166 F.3d 728 (5th Cir. 1999), 96-40687, United States v. Castro
|Docket Nº:||96-40687, 96-40694.|
|Citation:||166 F.3d 728|
|Party Name:||UNITED STATES of America, Plaintiff-Appellee, v. Edgar CASTRO, Defendant-Appellant. United States of America, Plaintiff-Appellee, v. Susana Gomez, Defendant-Appellant.|
|Case Date:||January 28, 1999|
|Court:||United States Courts of Appeals, Court of Appeals for the Fifth Circuit|
Keith Fredrick Giblin, Beaumont, TX, for Plaintiff-Appellee.
George A. Scharmen, II, San Antonio, TX, for Defendants-Appellants.
Jonathan Lewis Munier, Law Offices of Jonathan Munier, Houston, TX, for Castro.
Terry G. Collins, Houston, TX, for Gomez.
Appeals from the United States District Court for the Eastern District of Texas.
Before KING, [*] Chief Judge, POLITZ,* JOLLY, HIGGINBOTHAM, DAVIS, JONES, SMITH, DUHE, WIENER, BARKSDALE, EMILIO M. GARZA, DeMOSS, BENAVIDES, STEWART, PARKER and DENNIS, Circuit Judges.
On November 9, 1995, an officer of the Polk County Sheriff's Department stopped a Chevrolet Suburban traveling north on Highway 59, in Texas, for speeding and seat belt violations. He subsequently arrested two of the three occupants for seat belt violations, and impounded the Suburban. At the sheriff's department a search of the Suburban revealed over 900 pounds of cocaine hidden in the back of the vehicle. Edgar Castro, the driver, and Susana Gomez, the back seat passenger, were then charged with conspiracy to possess with intent to distribute cocaine, in violation of 21 U.S.C. § 846, and possession with intent to distribute cocaine, in violation of 21 U.S.C. § 841(a)(1). 1 When the district court denied their motions to suppress evidence found during the search, Castro and Gomez pleaded guilty to the charges and appealed. 2 In that appeal we were asked to decide whether the district court erred in not suppressing the evidence. A panel of this Court answered that question in the affirmative, holding that the officer violated the Fourth Amendment rights of Castro and Gomez by impounding the Suburban and searching the vehicle. United States v. Castro, 129 F.3d 752 (5th Cir.1997). We granted rehearing en banc, United States v. Castro, 143 F.3d 920 (5th Cir.1998), and now hold that Castro and Gomez did not suffer a violation of their Fourth Amendment rights.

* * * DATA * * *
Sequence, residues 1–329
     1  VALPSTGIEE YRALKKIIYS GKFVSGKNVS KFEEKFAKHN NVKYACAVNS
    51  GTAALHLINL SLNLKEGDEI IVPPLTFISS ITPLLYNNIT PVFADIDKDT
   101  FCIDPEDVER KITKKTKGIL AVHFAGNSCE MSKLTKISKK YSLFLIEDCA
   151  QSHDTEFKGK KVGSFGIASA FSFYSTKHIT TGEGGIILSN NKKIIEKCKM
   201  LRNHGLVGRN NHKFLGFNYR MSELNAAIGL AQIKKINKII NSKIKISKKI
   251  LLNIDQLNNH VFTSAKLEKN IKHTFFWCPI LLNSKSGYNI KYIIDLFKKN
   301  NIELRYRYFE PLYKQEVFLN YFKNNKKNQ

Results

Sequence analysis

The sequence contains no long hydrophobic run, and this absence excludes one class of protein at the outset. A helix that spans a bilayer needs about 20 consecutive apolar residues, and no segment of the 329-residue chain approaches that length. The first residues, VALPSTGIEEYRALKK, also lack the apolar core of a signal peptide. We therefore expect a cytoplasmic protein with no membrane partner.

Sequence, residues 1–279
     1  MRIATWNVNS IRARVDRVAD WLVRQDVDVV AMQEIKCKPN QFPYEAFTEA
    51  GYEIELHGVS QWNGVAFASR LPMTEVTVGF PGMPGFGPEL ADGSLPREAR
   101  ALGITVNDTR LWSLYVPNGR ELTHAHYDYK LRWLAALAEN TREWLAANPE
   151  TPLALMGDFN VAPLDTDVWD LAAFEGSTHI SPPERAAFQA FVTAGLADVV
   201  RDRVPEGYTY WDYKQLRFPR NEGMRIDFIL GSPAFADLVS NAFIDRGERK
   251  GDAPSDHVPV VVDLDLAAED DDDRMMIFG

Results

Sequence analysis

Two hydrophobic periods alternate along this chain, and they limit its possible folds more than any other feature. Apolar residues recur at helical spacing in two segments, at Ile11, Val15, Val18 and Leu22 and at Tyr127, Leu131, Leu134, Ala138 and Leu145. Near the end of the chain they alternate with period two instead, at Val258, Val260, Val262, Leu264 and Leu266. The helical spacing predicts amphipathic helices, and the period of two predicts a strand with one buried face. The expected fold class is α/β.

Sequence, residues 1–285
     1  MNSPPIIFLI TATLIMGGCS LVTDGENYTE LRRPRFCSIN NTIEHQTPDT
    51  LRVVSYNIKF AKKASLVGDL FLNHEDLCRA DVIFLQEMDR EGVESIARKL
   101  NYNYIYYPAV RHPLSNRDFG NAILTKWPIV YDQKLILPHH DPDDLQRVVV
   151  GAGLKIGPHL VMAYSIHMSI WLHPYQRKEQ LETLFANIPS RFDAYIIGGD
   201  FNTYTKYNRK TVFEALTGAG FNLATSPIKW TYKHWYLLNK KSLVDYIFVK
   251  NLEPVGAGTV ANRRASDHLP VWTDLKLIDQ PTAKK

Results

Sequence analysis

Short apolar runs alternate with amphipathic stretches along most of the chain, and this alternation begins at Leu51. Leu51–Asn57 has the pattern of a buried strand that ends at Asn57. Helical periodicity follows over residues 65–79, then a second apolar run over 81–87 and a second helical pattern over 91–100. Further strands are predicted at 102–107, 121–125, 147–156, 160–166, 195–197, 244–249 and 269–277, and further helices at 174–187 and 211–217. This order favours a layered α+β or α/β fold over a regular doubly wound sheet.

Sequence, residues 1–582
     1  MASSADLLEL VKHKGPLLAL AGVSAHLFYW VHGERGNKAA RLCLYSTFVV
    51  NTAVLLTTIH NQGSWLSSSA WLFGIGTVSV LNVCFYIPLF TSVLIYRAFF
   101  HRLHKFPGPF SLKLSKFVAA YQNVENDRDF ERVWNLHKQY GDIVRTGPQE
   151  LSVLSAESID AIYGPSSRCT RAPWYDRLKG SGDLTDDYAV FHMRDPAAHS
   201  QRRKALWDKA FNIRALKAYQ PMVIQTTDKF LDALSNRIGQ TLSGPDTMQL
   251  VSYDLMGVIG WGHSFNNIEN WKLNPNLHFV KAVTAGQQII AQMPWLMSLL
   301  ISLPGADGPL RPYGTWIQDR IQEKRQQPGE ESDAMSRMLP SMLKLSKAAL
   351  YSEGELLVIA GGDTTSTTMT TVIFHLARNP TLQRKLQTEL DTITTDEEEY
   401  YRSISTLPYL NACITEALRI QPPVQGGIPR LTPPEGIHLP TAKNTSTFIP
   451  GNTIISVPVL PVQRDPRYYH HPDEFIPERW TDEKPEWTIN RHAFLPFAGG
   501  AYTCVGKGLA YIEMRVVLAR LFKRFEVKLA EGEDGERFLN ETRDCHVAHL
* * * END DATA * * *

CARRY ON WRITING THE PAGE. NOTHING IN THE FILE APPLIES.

On the afternoon of November 9, 1995, several officers of a joint state and federal task force were conducting surveillance of Javier Vallejo, a suspected narcotics trafficker, at a mall in Houston, Texas. In the course of their surveillance the officers noticed that Vallejo was accompanied by Gomez and an unidentified Hispanic male. Shortly after, the agents observed Gomez and the unidentified male leaving the mall in a grey van. Gomez was subsequently dropped off at a K-Mart, where she made a telephone call and bought some insignificant items, while her companion detoured to a known stash house. The unidentified male eventually returned to K-Mart--after engaging in several evasive maneuvers aimed at losing any possible surveillance--and retrieved Gomez. The agents then followed the pair to a local motel, where Gomez was joined by Castro and Muriel Cristina Vicencio.
From the motel Castro drove a blue Chevrolet Suburban to the mall, while Gomez and Vicencio followed in two separate vehicles. After going inside the mall for roughly fifteen minutes, the trio left the mall in the Suburban and began to travel north on Highway 59. Castro was driving, Vicencio occupied the front seat, and Gomez occupied the rear seat. Several members of the task force followed the Suburban for approximately 115 miles through Harris, Montgomery and San Jacinto Counties, and into Polk County. After the Texas Department of Public Safety informed the officers that it did not have an available unit to stop the vehicle, officers of the task force contacted the Polk County Sheriff's Department for assistance.